Only half a plan

In a recent column at VoxEU, Francesco Giavazzi and Guido Tabellini argue for a concerted European stimulus policy to bring the Eurozone out of recession and low-inflation. Their plan consists of three parts, cutting taxes by about 5 per cent of GDP in each country, financing the resulting budget deficits by new long-term (30 year) bonds that are to be bought by the ECB in a sort of limited Quantitative Easing. while temporarily suspending the deficit criteria of the stability and growth pact. Giavazzi and Tabellini argue that tax-cuts are less likely to cause misallocations and corruption and that the ECB will start a QE programme anyway in roughly half a year's time, when they see that this is the Eurozone's last means to overcome the slump. While I in principle agree with their analysis, I consider their advice only half plan because they do not even consider supply side reforms.


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Rotation im EZB-Rat

In der FAZ wird berichtet, Bundesfinanzminister Schäuble akzeptiert das Rotationsprinzip im EZB-Rat, weil er "Heftigeres" befürchtet, wenn man jetzt über die Abstimmungsmodalitäten nachdenkt. Damit müssen die Chefs der fünf größten Zentralbanken (Deutschland, Frankreich, Italien, Spanien, Niederlande) der Reihe nach bei jeder fünften Abstimmung aussetzen, weil die Anzahl der Stimmen der NZBn im Rat 18 nicht überschreiten soll, um die Handlungsfähigkeit zu gewährleisten. Weiterlesen

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More trade, rather than carbon tariffs

Paul Krugman suggests an interesting solution to the problem of China's carbon emissions. Since their exporting sector is the main driving force behind their growth, it is crucial for China to have access to Western consumer markets. The suggestion is now to use this dependence and imposing a carbon tariff on imports from China. Paul reckons that this will encourage China to cut its emissions, thus lowering the tariff and staying competitive. Sounds good but I'm not so sure whether such a scheme will be effective, let alone efficient. Weiterlesen

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Sorry, mate, but it's the law

In one of its recent issues „The Economist“ obviously had a bad day. At least Charlemagne had, though usually his commentary on Europe and its politics are right, this time Charlemagne is plain-wrong in blaming German „legalism“ for the crisis and the Eurozone's slip into the dangerous low-inflation territory.


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Logs as percentage changes in a log-level-model

In the Econometrics class I taught last winter term, I explained why the coefficient of a regressor in levels can be interpreted as approximately the percentage increase of the dependent variable in logs. I have searched the web and textbooks for a concise, straightforward derivation but found none, so I made my own. I guess it's worth sharing. If this helps you, let me know in the comments.

With Taylor's theorem (see also Taylor series) we can approximate the natural logarithm around some a>0 by:

 \ln(t) \approx \ln(a) + \ln'(a) \cdot (t-a)

Recall that the first derivative of the natural logarithm is \ln'(t)=\frac{1}{t} with t>0.
Then the above approximation becomes:

\ln(t) \approx \ln(a) + \frac{1}{a} \cdot (t-a)

Note that this approximation becomes the worse, the larger the difference of t-a, i.e. the farther one is away from the expansion point a.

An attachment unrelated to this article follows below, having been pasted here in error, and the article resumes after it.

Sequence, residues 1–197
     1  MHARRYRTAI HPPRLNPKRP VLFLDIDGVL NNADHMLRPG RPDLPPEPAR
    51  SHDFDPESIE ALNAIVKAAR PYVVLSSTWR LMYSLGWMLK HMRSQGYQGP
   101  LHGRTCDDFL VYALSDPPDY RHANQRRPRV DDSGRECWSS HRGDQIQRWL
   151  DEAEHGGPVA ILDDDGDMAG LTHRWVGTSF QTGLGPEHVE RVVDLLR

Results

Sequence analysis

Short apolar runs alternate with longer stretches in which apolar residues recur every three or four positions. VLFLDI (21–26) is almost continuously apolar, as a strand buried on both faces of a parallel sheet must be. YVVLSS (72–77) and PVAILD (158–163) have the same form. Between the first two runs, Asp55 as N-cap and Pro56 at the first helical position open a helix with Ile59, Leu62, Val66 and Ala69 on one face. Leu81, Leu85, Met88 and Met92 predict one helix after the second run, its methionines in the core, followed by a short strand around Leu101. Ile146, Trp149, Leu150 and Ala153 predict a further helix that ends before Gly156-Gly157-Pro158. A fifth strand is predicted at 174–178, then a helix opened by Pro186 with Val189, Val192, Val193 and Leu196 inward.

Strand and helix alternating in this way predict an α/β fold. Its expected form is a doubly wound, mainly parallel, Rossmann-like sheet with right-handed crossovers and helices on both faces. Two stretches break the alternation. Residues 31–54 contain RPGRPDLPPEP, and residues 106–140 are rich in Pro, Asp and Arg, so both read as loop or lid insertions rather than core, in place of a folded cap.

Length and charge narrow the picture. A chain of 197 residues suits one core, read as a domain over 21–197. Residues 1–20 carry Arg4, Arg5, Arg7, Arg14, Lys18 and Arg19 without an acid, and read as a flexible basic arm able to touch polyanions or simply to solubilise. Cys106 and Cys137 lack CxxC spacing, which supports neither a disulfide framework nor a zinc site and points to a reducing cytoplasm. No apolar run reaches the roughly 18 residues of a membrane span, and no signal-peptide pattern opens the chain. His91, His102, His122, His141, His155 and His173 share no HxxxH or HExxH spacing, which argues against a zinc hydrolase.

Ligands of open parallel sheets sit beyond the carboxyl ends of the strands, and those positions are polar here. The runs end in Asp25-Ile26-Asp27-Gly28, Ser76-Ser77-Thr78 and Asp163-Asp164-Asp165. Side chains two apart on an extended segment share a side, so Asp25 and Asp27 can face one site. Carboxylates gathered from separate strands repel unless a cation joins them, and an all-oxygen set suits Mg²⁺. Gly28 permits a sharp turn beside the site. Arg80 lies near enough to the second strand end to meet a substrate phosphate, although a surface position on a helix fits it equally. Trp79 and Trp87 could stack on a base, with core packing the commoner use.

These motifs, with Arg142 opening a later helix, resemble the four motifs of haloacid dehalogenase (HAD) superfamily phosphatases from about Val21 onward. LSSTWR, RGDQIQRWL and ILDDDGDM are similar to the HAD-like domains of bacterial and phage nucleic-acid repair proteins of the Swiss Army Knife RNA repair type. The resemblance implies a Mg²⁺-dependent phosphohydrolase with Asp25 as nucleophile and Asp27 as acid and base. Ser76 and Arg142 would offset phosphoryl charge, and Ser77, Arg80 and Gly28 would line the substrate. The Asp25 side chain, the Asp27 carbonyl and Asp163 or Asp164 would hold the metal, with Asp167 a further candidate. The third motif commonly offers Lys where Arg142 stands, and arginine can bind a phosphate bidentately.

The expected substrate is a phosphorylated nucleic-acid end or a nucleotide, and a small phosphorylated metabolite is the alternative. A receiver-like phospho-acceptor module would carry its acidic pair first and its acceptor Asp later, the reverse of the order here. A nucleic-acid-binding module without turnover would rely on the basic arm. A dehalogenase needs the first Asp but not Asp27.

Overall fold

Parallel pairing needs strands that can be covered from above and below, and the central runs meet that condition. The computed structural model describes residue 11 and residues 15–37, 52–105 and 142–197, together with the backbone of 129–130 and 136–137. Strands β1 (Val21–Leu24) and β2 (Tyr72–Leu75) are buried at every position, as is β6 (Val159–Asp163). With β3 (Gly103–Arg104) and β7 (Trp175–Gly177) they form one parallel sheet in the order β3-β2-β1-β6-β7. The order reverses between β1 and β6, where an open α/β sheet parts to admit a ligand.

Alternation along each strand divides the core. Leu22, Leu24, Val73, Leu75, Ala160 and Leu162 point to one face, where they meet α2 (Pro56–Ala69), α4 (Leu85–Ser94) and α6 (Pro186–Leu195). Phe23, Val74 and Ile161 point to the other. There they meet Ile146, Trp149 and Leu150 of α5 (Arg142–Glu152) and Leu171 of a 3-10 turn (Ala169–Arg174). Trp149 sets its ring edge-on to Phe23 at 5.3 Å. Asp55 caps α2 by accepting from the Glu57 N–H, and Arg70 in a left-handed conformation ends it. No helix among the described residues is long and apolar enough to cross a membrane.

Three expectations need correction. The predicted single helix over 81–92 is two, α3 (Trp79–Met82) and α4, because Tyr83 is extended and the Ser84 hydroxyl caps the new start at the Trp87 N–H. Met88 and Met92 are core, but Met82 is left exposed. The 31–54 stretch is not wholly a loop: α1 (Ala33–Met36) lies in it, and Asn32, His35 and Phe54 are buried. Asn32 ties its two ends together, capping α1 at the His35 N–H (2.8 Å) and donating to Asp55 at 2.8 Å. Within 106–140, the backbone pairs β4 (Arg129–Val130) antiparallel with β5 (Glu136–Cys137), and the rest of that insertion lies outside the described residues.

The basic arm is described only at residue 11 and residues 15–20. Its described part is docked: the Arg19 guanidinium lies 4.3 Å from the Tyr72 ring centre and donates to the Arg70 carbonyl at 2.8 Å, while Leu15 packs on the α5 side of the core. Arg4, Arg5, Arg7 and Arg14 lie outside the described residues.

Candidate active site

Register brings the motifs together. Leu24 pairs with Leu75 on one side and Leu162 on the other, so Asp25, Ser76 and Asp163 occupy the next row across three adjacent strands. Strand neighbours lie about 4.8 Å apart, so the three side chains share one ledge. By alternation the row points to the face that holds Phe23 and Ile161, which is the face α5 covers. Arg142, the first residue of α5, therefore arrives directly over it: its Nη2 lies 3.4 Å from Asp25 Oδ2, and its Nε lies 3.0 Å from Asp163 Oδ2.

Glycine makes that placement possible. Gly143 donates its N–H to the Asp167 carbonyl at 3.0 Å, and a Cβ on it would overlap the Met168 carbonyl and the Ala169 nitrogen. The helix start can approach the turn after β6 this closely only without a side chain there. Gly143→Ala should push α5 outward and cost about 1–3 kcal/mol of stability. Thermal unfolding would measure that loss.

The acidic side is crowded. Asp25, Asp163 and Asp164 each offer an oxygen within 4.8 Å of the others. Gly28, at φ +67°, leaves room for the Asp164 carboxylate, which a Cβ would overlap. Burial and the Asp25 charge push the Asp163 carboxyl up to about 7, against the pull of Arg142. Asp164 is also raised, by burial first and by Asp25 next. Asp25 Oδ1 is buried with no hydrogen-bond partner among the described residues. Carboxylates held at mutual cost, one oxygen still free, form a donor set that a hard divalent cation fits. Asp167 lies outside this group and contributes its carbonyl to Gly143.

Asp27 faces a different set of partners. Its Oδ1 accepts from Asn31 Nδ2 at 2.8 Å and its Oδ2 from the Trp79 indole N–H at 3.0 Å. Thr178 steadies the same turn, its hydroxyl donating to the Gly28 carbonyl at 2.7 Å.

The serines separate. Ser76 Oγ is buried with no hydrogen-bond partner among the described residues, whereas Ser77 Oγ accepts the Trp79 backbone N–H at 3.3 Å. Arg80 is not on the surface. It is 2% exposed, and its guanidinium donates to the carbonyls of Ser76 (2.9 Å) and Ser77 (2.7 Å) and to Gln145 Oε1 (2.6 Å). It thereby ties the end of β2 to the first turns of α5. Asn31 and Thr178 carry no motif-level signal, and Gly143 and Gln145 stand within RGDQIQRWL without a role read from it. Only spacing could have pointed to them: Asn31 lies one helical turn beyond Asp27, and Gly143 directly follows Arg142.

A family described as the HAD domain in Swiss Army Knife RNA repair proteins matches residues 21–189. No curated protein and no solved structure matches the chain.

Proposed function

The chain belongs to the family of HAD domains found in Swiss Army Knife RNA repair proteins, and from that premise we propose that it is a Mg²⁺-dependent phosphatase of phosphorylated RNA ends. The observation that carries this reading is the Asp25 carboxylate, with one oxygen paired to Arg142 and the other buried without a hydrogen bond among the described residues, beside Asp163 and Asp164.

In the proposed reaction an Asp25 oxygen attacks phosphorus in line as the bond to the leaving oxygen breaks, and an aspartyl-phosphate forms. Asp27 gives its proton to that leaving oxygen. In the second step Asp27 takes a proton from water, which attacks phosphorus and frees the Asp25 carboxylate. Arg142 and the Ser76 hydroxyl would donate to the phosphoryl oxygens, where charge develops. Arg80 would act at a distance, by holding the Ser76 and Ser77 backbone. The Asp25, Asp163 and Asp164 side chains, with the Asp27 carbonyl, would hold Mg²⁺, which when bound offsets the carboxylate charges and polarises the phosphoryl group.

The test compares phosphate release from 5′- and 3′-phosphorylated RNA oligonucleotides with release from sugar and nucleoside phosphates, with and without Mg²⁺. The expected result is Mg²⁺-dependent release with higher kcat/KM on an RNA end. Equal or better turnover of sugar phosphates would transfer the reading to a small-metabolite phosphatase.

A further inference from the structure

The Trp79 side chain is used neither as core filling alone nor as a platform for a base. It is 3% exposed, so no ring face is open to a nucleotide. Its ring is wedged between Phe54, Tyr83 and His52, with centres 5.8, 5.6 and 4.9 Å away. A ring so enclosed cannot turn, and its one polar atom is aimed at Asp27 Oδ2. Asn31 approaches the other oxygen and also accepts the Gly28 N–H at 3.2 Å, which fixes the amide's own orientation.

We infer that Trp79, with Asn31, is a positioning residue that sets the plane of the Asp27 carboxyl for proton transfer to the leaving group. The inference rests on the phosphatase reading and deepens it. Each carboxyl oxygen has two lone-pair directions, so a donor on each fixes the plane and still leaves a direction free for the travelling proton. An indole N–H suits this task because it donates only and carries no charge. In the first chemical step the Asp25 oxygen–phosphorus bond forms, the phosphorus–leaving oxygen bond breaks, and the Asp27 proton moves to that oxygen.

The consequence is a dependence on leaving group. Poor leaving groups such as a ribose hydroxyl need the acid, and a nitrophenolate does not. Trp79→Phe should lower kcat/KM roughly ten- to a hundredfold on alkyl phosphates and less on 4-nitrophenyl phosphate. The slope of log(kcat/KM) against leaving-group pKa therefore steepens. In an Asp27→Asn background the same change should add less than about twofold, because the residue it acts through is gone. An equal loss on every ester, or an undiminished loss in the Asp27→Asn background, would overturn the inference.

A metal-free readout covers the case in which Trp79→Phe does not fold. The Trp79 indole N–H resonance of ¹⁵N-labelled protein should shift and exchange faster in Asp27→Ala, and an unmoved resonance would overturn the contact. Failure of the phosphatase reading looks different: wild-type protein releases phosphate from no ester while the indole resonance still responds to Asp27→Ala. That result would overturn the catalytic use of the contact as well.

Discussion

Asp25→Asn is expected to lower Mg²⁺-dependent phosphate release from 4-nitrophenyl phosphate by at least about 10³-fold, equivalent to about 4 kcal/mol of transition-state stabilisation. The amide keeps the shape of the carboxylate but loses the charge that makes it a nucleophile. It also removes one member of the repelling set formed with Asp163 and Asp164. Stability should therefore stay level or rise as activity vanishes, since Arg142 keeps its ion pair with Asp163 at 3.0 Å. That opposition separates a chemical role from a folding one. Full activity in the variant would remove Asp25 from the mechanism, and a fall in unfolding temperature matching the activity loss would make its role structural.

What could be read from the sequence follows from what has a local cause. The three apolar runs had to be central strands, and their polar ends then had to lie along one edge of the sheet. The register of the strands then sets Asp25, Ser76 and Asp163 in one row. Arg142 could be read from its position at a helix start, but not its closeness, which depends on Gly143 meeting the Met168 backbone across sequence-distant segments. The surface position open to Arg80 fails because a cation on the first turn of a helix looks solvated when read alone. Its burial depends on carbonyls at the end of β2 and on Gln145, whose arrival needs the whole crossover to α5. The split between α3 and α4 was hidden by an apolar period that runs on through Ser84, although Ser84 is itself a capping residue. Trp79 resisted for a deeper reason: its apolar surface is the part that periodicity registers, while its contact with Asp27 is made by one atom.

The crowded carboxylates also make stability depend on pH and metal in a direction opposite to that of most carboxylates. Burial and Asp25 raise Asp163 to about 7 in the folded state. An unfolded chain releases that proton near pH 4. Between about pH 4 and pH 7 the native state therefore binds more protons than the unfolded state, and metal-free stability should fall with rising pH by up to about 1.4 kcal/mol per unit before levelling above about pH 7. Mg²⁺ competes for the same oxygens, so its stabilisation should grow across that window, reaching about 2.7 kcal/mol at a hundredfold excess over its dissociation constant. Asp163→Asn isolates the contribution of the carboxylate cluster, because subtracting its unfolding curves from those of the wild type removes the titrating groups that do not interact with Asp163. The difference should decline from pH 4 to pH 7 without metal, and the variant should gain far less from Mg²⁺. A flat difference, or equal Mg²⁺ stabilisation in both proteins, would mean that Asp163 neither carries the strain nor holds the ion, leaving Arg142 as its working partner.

We are interested in an approximation for the log of a percent increase \ln(1+p), so let t=1+p:

\ln(1+p) \approx \ln(a) + \frac{1}{a} \cdot (1+p-a)

Further, let a=1:

\ln(1+p) \approx \ln(1) + \frac{1}{1} \cdot (1+p-1)\\\ln(1+p) \approx 0 + 1 \cdot p\\\ln(1+p)\approx p

The percentage change  p is given by the new  value minus the initial value all divided by the initial value.

p=\frac{(z+\Delta z) - z}{z} = \frac{z+\Delta z}{z} - \frac{z}{z} = \frac{z+\Delta z}{z} - 1 = \frac{\Delta z}{z}

Now consider the log-level model:

\ln(\hat{y}) = \hat{\beta}_0 + \hat{\beta}_1 x

Increasing x by one:

\ln(\hat{y}_\text{new}) = \hat{\beta}_0 + \hat{\beta}_1 (x+1)

The difference is then:

 \ln(\hat{y}_\text{new}) - \ln(\hat{y}) = \hat{\beta}_0 + \hat{\beta}_1 (x+1) - \hat{\beta}_0 - \hat{\beta}_1 x \\ \ln(\frac{\hat{y}_\text{new}}{\hat{y}}) = \hat{\beta}_1 \\ \ln(\frac{ \hat{y} + \Delta \hat{y}}{\hat{y}}) = \hat{\beta}_1 \\ \ln(1 + \frac{\Delta\hat{y}}{\hat{y}}) = \hat{\beta}_1 \\ \ln(1+p) = \hat{\beta}_1\\ p \approx \hat{\beta}_1

From this, we can also see that the exact percent change is:

 \ln(1+p) = \hat{\beta}_1 \\ p = e^{\hat{\beta}_1} - 1

A quick comparison of the approximation and the exact value shows that the approximation is less than 5% off of the exact value if |p|<0.1, that is, if the change is less than \pm 10\%.

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Leseempfehlung: "NBER Summer Lectures"

Über einen Tweet von @MarkThoma bin ich auf einen Blogartikel von Francis X. Diebold gestoßen, der die - wohl nicht ganz so bekannten - NBER Summer Lectures verlinkt hat.

Das NBER veranstaltet jeden Sommer ein Summer Institute über (zumeist) ökonometrische Methoden und hat die Vorträge samt Präsentationen online zur Verfügung gestellt. Dort, wo die Vorlesungen über Vimeo bereitgestellt werden, sind sie wohl auch als Download verfügbar, um sie offline - etwa im Zug - anzuschauen.

Die Vorlesungsreihe ist wohl insbesondere für fortgeschrittene Masterstudenten oder Doktoranden interessant, weil vieles einfach vorausgesetzt wird.

Ein bisschen weitergeklickt: Auch die Fed hat solche Lectures bei Vimeo:

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